U.S. Coast Guard dealing with alarming rate of hoax calls

Calls are up 300 percent
Posted at 7:05 PM, Jul 11, 2017
and last updated 2017-07-11 20:05:58-04

The U.S. Coast Guard in Milwaukee is dealing with an alarming increase in hoax distress calls.

Coast Guard Commander Leanne Lusk said fake emergency calls are up 300 percent this year. The Coast Guard's biggest worry is a false mayday could redirect crews from a real emergency. Lusk guided media on a tour of their command center to find out what these hoaxes sound like.

"Mayday, I’m dying, I’m dying," said a Chicago man to Coast Guard Command Center crews.

Whether calls like these are believed to be fake or not, it is Coast Guard policy to respond to all of them until it is determined an emergency no longer exists.

"That means that we launch our boats, our helicopters, and our callouts going on the radio," Lusk said.

The Coast Guard's Lake Michigan location in Milwaukee has seen their call volume triple since last year.

"The majority of them are coming through the radios," Lusk said.

Lusk said by the end of June, they received 160 distress calls. More than half were deemed to be fake.

"I wish we had an explanation," she said.

A legitimate distress call is normally made by someone in danger on their boat, whether it’s taking on water, on fire, or lost in the fog.

"False distress calls range from someone saying ‘mayday’, ‘help’, ‘emergency’ or something to that effect while providing no additional information," Lusk said.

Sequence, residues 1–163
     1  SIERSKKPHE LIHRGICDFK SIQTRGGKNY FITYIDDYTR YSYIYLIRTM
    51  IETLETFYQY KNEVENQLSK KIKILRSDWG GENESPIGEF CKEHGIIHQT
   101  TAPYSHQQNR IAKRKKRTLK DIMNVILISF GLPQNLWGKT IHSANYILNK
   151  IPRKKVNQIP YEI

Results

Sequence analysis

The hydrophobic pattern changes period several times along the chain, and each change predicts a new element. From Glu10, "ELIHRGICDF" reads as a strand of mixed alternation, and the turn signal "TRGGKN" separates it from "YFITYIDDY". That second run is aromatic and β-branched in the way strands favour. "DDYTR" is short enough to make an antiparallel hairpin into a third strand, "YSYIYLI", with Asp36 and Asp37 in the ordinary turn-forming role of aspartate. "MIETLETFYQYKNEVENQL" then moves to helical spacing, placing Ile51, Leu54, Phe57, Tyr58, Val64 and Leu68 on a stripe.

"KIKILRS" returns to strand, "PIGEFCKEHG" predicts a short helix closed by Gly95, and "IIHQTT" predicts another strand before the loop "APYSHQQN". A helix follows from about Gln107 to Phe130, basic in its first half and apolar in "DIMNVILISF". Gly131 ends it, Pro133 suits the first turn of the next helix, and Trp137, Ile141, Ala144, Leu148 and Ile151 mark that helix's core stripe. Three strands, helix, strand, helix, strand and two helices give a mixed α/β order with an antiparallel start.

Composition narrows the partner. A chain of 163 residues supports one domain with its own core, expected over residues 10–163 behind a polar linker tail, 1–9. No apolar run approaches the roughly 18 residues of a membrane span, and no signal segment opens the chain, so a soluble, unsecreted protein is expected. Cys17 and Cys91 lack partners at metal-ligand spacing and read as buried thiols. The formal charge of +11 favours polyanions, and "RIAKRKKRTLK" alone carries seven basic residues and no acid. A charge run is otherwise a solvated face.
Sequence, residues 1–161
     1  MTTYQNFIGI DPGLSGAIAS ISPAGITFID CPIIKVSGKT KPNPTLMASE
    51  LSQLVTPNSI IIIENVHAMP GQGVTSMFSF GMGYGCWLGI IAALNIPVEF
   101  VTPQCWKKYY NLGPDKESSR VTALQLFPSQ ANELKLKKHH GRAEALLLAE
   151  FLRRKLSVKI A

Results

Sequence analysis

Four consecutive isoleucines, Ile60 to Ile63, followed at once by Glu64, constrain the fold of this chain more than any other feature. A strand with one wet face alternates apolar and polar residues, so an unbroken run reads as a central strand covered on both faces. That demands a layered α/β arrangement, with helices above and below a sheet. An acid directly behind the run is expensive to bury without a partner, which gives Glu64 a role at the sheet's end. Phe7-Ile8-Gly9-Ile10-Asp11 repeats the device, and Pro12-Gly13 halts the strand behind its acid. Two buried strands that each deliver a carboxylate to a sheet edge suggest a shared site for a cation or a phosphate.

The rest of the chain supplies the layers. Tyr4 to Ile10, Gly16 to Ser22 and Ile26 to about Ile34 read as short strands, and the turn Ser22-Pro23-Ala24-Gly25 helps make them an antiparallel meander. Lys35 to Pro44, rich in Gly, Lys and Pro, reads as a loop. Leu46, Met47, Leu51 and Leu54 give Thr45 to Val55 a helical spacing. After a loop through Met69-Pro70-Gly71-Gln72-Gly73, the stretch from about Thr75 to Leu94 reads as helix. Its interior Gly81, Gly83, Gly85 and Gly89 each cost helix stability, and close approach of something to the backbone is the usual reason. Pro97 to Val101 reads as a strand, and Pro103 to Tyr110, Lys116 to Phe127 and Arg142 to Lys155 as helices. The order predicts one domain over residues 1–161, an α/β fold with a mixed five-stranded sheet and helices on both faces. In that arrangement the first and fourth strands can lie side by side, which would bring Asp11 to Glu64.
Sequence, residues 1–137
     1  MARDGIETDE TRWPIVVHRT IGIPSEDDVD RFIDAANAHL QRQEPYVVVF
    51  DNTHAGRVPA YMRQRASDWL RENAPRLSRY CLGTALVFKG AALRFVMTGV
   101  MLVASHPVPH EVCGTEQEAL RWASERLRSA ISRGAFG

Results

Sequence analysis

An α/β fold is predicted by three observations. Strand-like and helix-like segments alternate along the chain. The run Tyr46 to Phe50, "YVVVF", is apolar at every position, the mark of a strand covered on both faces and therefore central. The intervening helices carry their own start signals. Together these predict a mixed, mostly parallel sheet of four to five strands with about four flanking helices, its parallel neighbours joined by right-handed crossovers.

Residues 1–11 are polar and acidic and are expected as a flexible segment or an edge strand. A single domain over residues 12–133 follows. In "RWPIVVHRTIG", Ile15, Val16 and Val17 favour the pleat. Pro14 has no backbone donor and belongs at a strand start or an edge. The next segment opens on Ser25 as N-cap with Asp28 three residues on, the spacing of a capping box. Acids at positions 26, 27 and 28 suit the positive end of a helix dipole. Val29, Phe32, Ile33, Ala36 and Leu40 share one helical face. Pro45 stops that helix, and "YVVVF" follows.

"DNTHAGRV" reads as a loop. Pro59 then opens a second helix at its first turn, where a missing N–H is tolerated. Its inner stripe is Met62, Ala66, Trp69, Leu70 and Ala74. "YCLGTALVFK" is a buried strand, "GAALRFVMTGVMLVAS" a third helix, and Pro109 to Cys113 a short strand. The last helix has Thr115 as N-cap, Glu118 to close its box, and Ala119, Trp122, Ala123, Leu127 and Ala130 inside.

Surprisingly, Lusk said roughly a third of the false maydays come from minors.

"Children playing on a marine band radio either on a boat or on land," she said.

A similar incident happened while TODAY’S TMJ4 toured the command center.

"Drop anchor, over," said a child.

"Be advised, channel 16 is a hailing and distress frequency,” crews responded. 

False distress calls can redirect the Coast Guard, put first responders in unnecessary danger and cost taxpayers a fortune.

"More than $60,000 on average for each of these cases," Lusk said.

The Coast Guard works with several agencies to track down who's responsible. Those caught and prosecuted face up to four years in prison and a $250,000 fine. This spring, a Chicago man was prosecuted for fake emergency calls. He’s spending 6 months in jail and had to pay the Coast Guard more than $28,000 in restitution.